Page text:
The book draws lessons on the importance of rewarding merit for economic growth by analysing Italy’s decline in the past few decades. Connections rather than merit are a long-standing feature of the Italian elites, even in the corporate sector. This became a significant problem when Italy could no longer grow through imitation, devaluations, and public debt and faced the challenges of becoming a frontier knowledge-based open economy. The book uses international comparisons over many aspects of society, from social capital to governance, the role of the public sector, efficiency of the judiciary, education, gender and social inequality, social mobility, corporate standards, financial structures and more to evaluate the performance of Italy. It argues that the arrogance of a mediocracy is more damaging than that of meritocracy. Also, the former is more likely to facilitate the rise of populism. Studying Italy’s case can be helpful to many other countries: Italy was the country of the economic miracle after WWII, and it is still an advanced economy and a member of the G7 club. Until the 1960s, it seemed destined to catch up with the best-performing countries. Then the growth engine stopped, its debt skyrocketed, and Italy became the weak link in the Eurozone and might endanger its very survival.

Galli, G., Codogno, L., Meritocracy, Growth, and Lessons from Italy's Economic Decline, Oxford University Press, NEW YORK -- USA 2022:2022 256. 10.1093/oso/9780192866806.001.0001 [https://hdl.handle.net/10807/219284]

Meritocracy, Growth, and Lessons from Italy's Economic Decline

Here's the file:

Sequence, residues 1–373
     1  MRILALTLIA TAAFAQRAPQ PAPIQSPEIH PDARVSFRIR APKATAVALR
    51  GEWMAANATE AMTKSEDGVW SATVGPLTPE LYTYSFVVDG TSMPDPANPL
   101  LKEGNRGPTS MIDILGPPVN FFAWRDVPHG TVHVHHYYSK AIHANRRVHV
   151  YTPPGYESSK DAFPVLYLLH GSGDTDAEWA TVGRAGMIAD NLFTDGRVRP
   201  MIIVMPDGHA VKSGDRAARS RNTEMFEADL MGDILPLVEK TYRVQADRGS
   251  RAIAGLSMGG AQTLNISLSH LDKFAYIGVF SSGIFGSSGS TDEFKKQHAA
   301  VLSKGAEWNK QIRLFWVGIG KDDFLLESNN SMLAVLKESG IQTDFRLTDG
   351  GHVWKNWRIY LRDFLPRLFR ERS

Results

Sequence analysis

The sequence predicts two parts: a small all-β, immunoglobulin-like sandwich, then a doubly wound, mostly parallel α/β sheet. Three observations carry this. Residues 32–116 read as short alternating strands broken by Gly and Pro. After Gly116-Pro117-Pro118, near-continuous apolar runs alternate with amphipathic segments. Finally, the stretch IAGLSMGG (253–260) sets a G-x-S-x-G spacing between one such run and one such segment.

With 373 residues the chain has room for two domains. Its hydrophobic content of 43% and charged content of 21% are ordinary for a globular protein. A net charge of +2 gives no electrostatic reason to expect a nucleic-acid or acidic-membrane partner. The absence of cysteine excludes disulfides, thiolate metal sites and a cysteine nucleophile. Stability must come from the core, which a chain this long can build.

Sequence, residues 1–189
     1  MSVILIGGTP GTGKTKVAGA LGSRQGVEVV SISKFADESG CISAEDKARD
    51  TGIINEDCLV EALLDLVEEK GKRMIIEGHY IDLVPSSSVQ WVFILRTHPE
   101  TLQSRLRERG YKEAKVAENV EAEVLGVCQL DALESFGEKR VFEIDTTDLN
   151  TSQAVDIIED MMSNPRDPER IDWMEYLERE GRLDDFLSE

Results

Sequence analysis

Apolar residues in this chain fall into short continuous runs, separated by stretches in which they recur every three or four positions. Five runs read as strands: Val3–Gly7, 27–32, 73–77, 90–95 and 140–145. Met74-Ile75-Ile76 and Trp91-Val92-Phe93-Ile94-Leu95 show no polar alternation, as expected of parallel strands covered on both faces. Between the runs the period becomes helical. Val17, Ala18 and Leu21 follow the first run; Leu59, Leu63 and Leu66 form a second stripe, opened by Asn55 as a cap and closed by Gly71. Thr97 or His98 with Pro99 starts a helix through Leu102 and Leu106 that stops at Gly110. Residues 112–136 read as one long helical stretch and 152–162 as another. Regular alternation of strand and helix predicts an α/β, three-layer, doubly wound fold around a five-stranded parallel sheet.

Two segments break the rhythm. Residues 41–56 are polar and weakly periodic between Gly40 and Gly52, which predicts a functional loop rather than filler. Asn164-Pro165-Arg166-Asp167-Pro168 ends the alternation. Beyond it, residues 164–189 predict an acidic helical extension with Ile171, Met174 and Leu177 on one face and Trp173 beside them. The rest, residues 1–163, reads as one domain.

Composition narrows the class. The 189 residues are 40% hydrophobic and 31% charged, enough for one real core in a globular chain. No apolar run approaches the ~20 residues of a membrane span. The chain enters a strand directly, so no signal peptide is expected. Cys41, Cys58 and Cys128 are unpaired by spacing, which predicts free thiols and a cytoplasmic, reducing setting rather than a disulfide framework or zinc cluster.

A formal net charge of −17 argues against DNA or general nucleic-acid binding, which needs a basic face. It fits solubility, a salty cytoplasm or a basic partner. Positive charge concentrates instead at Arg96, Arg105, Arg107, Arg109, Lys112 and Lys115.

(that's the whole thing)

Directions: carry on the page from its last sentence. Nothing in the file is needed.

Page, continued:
Galli, Giampaolo
Co-primo
;
2022

Abstract

The book draws lessons on the importance of rewarding merit for economic growth by analysing Italy’s decline in the past few decades. Connections rather than merit are a long-standing feature of the Italian elites, even in the corporate sector. This became a significant problem when Italy could no longer grow through imitation, devaluations, and public debt and faced the challenges of becoming a frontier knowledge-based open economy. The book uses international comparisons over many aspects of society, from social capital to governance, the role of the public sector, efficiency of the judiciary, education, gender and social inequality, social mobility, corporate standards, financial structures and more to evaluate the performance of Italy. It argues that the arrogance of a mediocracy is more damaging than that of meritocracy. Also, the former is more likely to facilitate the rise of populism. Studying Italy’s case can be helpful to many other countries: Italy was the country of the economic miracle after WWII, and it is still an advanced economy and a member of the G7 club. Until the 1960s, it seemed destined to catch up with the best-performing countries. Then the growth engine stopped, its debt skyrocketed, and Italy became the weak link in the Eurozone and might endanger its very survival.
Inglese
Monografia o trattato scientifico
Oxford University Press
Galli, G., Codogno, L., Meritocracy, Growth, and Lessons from Italy's Economic Decline, Oxford University Press, NEW YORK -- USA 2022:2022 256. 10.1093/oso/9780192866806.001.0001 [https://hdl.handle.net/10807/219284]
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